Press Release: Coalition Launches Statewide Effort to Close Digital Divide



 New coalition – Digital Texas – will work to expand digital connectivity in Texas

AUSTIN, TEXAS – A broad coalition of Texas organizations is launching a new effort to increase digital connectivity across the state. The coalition includes Texas 2036, the Greater Houston Partnership, Texas Rural Funders, the Texas Association of Community Schools, United Ways of Texas, Methodist Healthcare Ministries of South Texas, Inc., Texas e-Health Alliance, Texas Association of Community Colleges, Texas PTA, Community Foundations of Texas and the Texas Midwest Community Network.

As devastating as the coronavirus pandemic has been, the impact has been mitigated somewhat by the widespread adoption of broadband technology that allowed many to continue to work, learn and receive medical care despite closures and restrictions on in-person gatherings.

But for those without access to broadband – including millions of Texans – or the necessary digital skills, the pandemic has exposed growing inequity. Best estimates indicate that nearly 1 million Texans currently lack adequate infrastructure to support broadband service, largely in rural areas and low-income urban neighborhoods.

Even in areas where broadband service is more readily available, adoption rates remain low, with over 3 million households not subscribing to broadband today. Texas ranks 35th among states for the percentage of households subscribing to broadband internet; and among Texas’ peer states, like New York and California, with whom we compete for jobs and corporate relocations, Texas ranks dead last.

To close the gap and improve access to broadband internet statewide, Digital Texas is engaging legislators, private industry, nonprofits and state agencies to develop state policies that provides equitable access to reliable and affordable broadband internet.

The following comments from members of the Digital Texas Steering Committee explain why Texas needs to take action to ensure digital connectivity:

  • “Broadband internet is the Farm to Market road of the 21st-century,” said Texas 2036 CEO Margaret Spellings. “It is critical infrastructure that is essential to providing access to education, health care, and economic opportunity. By engaging state officials and industry leaders, Digital Texas seeks to secure an equitable and prosperous future for all Texans.”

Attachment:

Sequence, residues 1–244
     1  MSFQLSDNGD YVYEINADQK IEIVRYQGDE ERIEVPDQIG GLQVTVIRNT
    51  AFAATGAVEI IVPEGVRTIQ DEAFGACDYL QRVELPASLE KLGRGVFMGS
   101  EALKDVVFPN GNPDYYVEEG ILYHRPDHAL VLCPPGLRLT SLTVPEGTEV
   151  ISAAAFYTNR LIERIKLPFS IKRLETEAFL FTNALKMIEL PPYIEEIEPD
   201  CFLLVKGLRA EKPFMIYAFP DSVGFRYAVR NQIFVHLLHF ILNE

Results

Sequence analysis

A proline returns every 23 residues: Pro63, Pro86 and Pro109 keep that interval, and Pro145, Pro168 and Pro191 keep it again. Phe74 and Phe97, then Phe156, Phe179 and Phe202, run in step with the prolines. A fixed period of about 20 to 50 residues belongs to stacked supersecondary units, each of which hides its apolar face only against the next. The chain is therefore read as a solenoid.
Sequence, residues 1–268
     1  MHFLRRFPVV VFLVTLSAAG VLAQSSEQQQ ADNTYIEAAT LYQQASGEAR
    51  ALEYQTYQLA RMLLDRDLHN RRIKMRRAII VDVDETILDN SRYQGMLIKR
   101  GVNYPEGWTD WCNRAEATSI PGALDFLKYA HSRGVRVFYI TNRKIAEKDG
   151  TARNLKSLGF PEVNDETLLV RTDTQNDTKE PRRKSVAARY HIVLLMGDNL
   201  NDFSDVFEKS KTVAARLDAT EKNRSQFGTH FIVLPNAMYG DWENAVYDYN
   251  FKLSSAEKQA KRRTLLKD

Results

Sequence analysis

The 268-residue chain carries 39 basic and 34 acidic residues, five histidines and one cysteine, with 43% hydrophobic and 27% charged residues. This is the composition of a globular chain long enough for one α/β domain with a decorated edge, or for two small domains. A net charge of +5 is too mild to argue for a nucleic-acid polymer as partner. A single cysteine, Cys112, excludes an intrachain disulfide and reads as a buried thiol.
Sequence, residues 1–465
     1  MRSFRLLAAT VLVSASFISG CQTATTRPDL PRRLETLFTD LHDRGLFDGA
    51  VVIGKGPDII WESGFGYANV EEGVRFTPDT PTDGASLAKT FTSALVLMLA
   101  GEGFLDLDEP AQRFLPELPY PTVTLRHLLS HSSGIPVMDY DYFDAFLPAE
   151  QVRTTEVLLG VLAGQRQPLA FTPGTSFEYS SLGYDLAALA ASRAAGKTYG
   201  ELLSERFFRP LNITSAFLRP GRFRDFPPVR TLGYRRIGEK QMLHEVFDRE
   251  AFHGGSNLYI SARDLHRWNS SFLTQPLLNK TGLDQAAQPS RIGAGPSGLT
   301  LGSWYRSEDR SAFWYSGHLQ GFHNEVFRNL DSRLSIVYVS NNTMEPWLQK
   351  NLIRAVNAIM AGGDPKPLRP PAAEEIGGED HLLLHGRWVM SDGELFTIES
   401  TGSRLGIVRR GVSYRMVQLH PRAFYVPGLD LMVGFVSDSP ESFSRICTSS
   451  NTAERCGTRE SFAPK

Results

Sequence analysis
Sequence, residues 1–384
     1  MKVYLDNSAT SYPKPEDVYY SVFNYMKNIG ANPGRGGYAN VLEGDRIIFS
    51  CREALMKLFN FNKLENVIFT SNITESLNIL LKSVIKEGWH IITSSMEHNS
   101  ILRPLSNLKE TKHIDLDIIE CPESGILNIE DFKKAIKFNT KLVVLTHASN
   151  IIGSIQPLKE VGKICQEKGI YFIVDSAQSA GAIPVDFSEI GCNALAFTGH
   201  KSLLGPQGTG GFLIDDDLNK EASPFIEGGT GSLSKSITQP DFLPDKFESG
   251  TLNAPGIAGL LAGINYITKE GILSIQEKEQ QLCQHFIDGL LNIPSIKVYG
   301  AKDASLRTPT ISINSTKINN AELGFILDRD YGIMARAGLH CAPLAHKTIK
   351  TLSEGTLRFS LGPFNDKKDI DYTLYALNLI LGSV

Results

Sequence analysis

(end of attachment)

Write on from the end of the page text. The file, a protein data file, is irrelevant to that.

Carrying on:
• “Rural communities that want to connect to broadband do not always have the infrastructure to do so, leaving them excluded from the digital world and its many opportunities,” explains Texas Rural Funders’ Ellen Ray.  “Leaders across the state are working to organize their communities around broadband access, and have demonstrated time and time again the dogged determination we Texans pride ourselves on. With a state broadband plan and dedicated office, Texas can amplify the good work already being done at the local level and take great strides toward getting all Texans connected.”
  • “Over the next 15 years, nearly 10 million additional people are expected to call Texas home,” said Greater Houston Partnership CEO Bob Harvey. “This growth will provide a wealth of opportunity, and broadband access will play a critical role in maximizing our potential.”
  • “Whether a student lives in an apartment in central Dallas or on a farm in the panhandle, they should have access to the tools they need to be successful,” said Suzi Kennon of the Texas PTA.
  • The impacts of this inequity are real and immediate. “Children with a poor internet connection can spend as much time watching the spinning circle waiting for it to connect as they spend learning,” said Barry Haenisch, Executive Director of the Texas Association of Community Schools. “Lack of high-speed internet in many rural areas of Texas is potentially crippling for rural children.”
  • “Public education is really the cornerstone of our economy,” said Kate Rogers, formerly with the Charles Butt Foundation and leading the Digital Inclusion Plan for San Antonio. “Our public school teachers and administrators must have the tools necessary to educate our kids, and in today’s world that simply can’t be done without broadband internet.”